To learn more about Doors Open Kingston, visit the Doors Open Ontario website.

Crane working at Macdonald Hall

On Friday, June 8, crews from Hamilton-Smith Limited, working on behalf of Physical Plant Services, will be using a crane lift at the north side of Macdonald Hall to move air conditioning equipment onto the roof.

Portions of the walkway along Union Street may be cordoned off and unavailable for pedestrian use while work is in progress; however, crews will be on site to direct pedestrian traffic where necessary. The main entrance of Macdonald Hall will remain available for use during this work.

For more information, please contact Fixit at ext. 77301 or by email.


Spring Convocation 2018 - Day 9

  • Four Directions Women Singers perform an honour song for Douglas Cardinal
    The Four Directions Women Singers perform an honour song for Douglas Cardinal after he received an honorary degree on Wednesday afternoon's convocation ceremony. (University Communications)
  • Stephen J.R. Smith hugs his daughter Hilary
    Stephen J.R. Smith (Sc’72, LLD'17), one of Canada’s leading entrepreneurs in the financial services industry and philanthropist, hugs his daughter Hilary after hooding her on the Grant Hall stage. (University Communications)
  • Douglas Cardinal honorary degree
    Award-winning architect Douglas Cardinal speaks at Grant Hall after receiving an honorary degree during the 21st and final ceremony of Queen's convocation. (University Communications)
  • Jason Taylor-Mercredi and Kanonhsyonne (Janice Hill), Director of Indigenous Initiatives
    Jason Taylor-Mercredi receives a Pendleton blanket from Kanonhsyonne (Janice Hill), Director of Indigenous Initiatives, after graduating from the Queen's Faculty of Law's Juris Doctor program. (University Communications)
  • Teri Shearer, Deputy Provost (Academic Operations and Inclusion)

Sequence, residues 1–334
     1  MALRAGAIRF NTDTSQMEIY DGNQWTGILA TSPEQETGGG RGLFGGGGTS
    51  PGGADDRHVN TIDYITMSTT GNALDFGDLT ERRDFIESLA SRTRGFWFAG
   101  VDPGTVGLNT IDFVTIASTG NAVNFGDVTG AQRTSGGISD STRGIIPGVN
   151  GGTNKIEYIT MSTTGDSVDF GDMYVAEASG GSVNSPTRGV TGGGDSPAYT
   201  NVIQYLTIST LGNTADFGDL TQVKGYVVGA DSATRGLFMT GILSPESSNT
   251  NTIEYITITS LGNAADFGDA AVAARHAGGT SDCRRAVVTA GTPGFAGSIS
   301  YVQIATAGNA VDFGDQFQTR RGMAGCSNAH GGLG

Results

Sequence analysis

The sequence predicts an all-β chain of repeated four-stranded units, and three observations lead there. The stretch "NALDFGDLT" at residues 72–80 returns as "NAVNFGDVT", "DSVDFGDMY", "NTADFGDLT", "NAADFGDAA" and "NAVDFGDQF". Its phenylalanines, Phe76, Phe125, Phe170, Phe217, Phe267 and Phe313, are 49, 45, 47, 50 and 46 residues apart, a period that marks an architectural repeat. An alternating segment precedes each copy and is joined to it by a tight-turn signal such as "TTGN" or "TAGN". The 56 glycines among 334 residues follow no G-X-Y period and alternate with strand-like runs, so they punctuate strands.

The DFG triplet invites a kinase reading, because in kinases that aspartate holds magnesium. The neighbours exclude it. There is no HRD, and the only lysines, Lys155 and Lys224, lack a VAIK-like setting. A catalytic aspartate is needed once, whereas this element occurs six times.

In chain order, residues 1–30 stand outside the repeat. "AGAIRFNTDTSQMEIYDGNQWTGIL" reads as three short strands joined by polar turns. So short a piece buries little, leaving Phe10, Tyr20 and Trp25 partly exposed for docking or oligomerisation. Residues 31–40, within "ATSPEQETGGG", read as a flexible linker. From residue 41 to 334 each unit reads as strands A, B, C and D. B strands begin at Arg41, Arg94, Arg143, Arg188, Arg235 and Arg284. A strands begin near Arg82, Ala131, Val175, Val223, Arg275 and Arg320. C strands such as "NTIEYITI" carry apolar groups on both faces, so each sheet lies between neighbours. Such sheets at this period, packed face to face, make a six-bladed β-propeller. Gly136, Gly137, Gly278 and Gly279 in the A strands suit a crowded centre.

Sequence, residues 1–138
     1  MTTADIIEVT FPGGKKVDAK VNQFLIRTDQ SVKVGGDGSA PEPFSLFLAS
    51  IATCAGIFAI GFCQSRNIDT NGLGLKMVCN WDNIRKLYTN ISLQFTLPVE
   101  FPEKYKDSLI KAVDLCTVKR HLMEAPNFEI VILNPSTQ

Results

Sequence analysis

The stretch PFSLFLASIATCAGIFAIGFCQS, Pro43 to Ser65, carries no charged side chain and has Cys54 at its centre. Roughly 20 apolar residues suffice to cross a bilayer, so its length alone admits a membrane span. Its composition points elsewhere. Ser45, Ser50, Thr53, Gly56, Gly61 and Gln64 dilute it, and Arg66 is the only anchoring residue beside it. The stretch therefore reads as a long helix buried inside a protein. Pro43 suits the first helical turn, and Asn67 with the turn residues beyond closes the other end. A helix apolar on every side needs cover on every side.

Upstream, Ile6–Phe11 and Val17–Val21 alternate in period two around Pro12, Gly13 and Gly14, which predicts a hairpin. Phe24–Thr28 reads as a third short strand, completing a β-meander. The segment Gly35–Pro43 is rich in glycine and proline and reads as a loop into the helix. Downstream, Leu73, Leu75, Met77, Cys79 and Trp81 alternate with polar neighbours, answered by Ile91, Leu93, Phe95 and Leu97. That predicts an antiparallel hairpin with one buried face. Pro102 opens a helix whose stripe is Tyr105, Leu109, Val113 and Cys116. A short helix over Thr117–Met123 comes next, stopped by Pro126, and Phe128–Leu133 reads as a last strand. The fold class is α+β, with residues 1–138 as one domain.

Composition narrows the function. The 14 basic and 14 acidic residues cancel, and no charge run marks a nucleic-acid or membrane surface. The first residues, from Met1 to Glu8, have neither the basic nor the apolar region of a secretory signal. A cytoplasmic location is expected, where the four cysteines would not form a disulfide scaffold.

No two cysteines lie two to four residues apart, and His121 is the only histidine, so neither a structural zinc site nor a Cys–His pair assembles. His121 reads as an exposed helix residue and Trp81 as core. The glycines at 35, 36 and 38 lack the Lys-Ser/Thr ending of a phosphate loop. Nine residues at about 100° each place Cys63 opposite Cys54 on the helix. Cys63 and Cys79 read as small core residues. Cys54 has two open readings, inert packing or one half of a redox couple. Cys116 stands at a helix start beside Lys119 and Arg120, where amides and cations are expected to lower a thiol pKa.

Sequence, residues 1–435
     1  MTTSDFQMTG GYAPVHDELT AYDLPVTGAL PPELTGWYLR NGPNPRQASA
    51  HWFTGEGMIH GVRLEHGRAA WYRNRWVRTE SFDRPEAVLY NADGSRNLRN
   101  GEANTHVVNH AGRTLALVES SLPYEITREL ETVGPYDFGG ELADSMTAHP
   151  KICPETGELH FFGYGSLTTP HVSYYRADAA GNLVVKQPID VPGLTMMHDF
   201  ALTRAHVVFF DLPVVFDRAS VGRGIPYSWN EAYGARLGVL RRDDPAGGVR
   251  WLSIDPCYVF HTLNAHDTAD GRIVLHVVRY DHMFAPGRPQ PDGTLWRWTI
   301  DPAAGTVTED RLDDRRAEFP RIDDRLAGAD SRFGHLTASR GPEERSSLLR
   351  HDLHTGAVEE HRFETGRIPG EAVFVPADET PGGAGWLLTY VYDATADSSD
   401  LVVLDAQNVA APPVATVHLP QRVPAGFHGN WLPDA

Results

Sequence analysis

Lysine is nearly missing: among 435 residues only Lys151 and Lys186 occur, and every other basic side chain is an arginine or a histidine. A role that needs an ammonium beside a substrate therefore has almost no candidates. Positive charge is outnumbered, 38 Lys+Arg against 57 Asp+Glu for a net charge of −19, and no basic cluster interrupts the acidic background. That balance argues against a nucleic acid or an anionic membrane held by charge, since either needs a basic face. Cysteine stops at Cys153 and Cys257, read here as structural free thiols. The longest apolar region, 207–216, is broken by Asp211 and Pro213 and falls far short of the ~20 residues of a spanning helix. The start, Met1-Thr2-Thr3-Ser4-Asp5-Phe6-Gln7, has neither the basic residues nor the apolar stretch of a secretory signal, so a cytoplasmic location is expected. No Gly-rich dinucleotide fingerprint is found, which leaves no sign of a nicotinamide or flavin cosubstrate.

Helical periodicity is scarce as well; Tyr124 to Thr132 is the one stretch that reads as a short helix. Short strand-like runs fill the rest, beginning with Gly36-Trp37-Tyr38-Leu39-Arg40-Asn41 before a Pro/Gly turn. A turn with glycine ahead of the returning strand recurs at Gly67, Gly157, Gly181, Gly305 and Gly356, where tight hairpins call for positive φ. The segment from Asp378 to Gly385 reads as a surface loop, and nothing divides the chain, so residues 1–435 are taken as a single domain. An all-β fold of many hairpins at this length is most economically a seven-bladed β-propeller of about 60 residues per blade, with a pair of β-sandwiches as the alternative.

Teri Shearer, Deputy Provost (Academic Operations and Inclusion) addresses the graduates from the Faculty of Law as well as their family and friends on Friday. (University Communications)
  • Teri Shearer Daniel Woolf and Alex da Silva
    Presiding over Wednesday's Spring Convocation ceremonies are, from left: Deputy Provost (Academic Operations and Inclusion) Teri Shearer, Principal and Vice-Chancellor Daniel Woolf, and Rector Alex da Silva. (University Communications)
  • Jill Atkinson, Associate Dean (Studies), hoods a master's graduate
    Jill Atkinson, Associate Dean (Studies), hoods a master's degree recipient in the Faculty of Arts and Science during Wednesday morning's convocation ceremony. (University Communications)
  • Principal and Vice-Chancellor Daniel Woolf takes a photo with a graduate
    Principal and Vice-Chancellor Daniel Woolf takes a photo with a graduate during the 20th ceremony of Spring Convocation on Wednesday morning. (University Communications)

Spring Convocation 2018 wrapped up with the final two of 21 ceremonies being held.

The morning’s ceremony brought together graduates from the Faculty of Arts and Science and the School of Graduate Studies. The afternoon ceremony saw graduates from the Faculty of Law take the stage while an honorary degree was conferred upon award-winning architect Douglas Cardinal.

Over the past three week ceremonies have been held at Grant Hall and the main gym of the Athletics and Recreation Centre (ARC), with thousands of new graduates being hooded and receiving their hard-earned degrees.

Photos from throughout Spring Convocation can be viewed at the Queen’s University page on flickr.

Building community at the castle

Staff, students, and faculty at the Bader International Study Centre are working together to foster equity, diversity, and inclusivity.

A group of students are welcomed to the BISC at Heathrow Airport. (Supplied Photo)
A group of students are welcomed to the BISC at Heathrow Airport. (Supplied Photo)

Multi-faith space; training for staff, students, and faculty; and more people resources dedicated to equity, diversity, and inclusivity are on their way to the Bader International Study Centre (BISC) this fall.